Summer holidays with an autistic child, reducing the stress of.
Hi, my name is Sarah and I have an autistic child who is 10 years old and I do dread the summer holidays. I love my children but I also dread this time.
I know these holidays are inevitable and I plan for them and every year I plan knowing how I need to plan for Rohan but there are still countless challenges to overcome; both predictable and unpredictable.
Some years i’ve gone over complicated on the planning and some years I pulled right back to see what happens and i’ve found that simple but clear boundaries have worked; so somewhere in the middle.
For my son the summer holidays are stressful. The loss of routines, the loss of the expected agenda and knowing what comes next and what comes after what comes next is disorientating for Rohan.
This disorientation and stress is expressed through his behaviour and he can become distressed and hurt himself or hurt those around him. As a family we try really hard to focus on easing Rohan into change and managing that process between familiar and new can be difficult. I don’t think I will ever quite ‘nail’ it but I am always willing to do what I can. Below is what I did this year; mini tweaks from last year but 2 weeks in and we are doing okay.
- I create a visual count down calendar for the last month of the final term.
- I create a visual calendar for the summer holidays. There is one in the kitchen for everyone to see and both my children have one and then Rohan has his own on his bedroom wall. Both of these calendars Rohan helps design and laminate.
- We keep as much ‘school day’ routine as we can 5 days a week. So for Rohan this looks like getting his next day clothes ready the night before. He loves the packed lunch theme so we make that the night before (even if he is staying home), he gets up at his usual time and gets dressed. Lunch time is the same as school time and any activities within that time are carefully planned. We don’t put the pressure on to completely replicate a school day but where we can does make a difference.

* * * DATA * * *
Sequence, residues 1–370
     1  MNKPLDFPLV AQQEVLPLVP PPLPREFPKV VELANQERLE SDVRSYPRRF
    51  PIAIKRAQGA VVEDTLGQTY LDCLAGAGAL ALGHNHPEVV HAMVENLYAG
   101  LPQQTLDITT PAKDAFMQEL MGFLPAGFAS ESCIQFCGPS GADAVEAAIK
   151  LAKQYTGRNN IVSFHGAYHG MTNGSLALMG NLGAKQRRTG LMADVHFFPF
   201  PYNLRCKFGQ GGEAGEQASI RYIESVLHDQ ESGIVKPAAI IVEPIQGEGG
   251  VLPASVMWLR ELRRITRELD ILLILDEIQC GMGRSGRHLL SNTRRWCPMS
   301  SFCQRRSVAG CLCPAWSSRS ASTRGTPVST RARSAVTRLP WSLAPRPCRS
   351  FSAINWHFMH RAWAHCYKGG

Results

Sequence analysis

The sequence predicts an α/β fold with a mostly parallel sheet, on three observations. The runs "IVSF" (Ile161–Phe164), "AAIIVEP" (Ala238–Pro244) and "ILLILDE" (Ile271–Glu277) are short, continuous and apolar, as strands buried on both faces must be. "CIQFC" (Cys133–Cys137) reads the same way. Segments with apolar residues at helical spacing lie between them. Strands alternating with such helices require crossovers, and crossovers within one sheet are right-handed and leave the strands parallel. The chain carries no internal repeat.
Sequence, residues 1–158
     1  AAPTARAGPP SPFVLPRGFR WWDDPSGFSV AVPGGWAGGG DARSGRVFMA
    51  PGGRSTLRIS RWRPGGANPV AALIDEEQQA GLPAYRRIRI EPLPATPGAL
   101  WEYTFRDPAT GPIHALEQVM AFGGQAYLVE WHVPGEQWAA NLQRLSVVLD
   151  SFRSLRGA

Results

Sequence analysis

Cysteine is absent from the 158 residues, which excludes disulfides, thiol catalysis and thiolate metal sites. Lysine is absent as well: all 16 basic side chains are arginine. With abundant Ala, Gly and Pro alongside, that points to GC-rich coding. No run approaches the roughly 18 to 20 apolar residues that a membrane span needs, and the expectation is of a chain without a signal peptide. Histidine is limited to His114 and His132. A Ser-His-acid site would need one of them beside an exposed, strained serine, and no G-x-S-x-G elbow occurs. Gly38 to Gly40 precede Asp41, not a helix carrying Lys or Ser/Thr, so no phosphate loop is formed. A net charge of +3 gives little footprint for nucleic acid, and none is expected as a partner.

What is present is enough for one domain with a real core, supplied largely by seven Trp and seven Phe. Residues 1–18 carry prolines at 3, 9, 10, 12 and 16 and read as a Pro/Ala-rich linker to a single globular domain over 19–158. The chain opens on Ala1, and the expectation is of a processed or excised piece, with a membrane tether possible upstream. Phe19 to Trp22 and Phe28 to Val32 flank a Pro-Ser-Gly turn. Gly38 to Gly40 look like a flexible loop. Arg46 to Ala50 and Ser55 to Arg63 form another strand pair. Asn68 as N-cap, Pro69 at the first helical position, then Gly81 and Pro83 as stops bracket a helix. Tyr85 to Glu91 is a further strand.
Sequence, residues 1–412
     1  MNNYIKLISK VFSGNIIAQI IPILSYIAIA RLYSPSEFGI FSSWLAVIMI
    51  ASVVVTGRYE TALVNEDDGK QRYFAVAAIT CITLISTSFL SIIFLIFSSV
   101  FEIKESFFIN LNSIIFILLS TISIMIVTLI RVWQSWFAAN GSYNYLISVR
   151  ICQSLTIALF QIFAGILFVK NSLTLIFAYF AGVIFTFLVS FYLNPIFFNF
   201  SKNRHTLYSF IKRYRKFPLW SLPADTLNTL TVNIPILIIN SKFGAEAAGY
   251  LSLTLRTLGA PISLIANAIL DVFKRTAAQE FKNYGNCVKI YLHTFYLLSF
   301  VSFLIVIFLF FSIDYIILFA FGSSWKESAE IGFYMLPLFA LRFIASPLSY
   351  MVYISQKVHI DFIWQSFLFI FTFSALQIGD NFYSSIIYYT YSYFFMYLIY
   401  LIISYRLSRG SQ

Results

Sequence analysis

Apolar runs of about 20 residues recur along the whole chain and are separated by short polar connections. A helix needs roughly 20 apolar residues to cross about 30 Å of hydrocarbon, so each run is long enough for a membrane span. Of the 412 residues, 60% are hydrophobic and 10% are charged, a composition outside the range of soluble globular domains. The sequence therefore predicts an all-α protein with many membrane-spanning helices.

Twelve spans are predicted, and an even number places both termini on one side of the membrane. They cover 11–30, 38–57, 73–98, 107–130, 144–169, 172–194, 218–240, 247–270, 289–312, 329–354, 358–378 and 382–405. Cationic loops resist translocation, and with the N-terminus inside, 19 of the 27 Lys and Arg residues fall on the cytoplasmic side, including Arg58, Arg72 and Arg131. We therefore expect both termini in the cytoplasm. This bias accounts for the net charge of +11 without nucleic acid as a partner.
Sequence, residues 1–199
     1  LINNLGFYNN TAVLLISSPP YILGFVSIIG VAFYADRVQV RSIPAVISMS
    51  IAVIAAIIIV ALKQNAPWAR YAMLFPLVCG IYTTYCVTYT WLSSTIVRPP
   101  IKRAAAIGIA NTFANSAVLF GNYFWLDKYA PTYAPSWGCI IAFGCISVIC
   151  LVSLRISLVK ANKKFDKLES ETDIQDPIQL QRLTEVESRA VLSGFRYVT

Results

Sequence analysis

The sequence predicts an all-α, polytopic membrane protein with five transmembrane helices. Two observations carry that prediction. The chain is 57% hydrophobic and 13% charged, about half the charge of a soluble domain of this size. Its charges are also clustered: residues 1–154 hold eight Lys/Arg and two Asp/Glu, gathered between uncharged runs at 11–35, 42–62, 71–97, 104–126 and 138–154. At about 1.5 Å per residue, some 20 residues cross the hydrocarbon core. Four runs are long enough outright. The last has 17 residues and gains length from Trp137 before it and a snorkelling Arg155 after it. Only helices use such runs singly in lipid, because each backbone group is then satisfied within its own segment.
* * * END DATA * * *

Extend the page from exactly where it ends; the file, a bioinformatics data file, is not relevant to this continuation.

- Social stories. Rohan is the kind of child who has lots of questions as he tries to make sense of whats going on around him and inside him; Rohan is adopted and we as a family have had some experience of how social stories are structured and learning this along with Rohan’s language; helps keep our communication high.
- I bring more transition time in for Rohan, so I may give his 15 – 30 minutes notice before an activity change or whatever change is required.
- As he has got older he has taken on more interest in activities such as football; whilst he can’t yet manage to be in a team led environment; he loves to have a kick about at the park or in the garden. We make sure he has plenty of that [free] time where he can have his hyper focus because this is his switch off and recharge time.
- Flexibility. Rohan has been in our lives since he was 2 years old and as a family our biggest and first lesson that has run through our time together to this day; is flexibility. The more flexible we are for Rohan, the safer and more in control he feels.
- Fun activities that Rohan enjoys, Rohan loves to choose movie nights with snacks and hugs where we are all on the sofa together. Life is hectic and busy and our other son is 16 years old now but we value that Rohan loves family time so it’s phones down every Friday night and movie night where we are all present for it. I hope this is something we do always.
- Rohan will stim more so we make sure that he has fidget toys everywhere to hand and he likes to pour water from one container to another so we make sure he has space for these activities too.
- Transition back to school in plenty of time which includes a drive by or two, walking around the outside of the school and finding that familiar. The school gives us a support pack for Rohan with pictures of things like his classroom, chair and peg and where he will have his lunch. Sometimes he watches YouTube videos of the school and the published activities, he likes to stay connected in that way.
I understand these are baseline support actions that many people put in and i’m still learning as Rohan grows up what adaptions he needs but I just wanted to share what we do to help Rohan.
I myself am always looking for great tips and would love to read any great ideas from anyone.
Thank you for reading x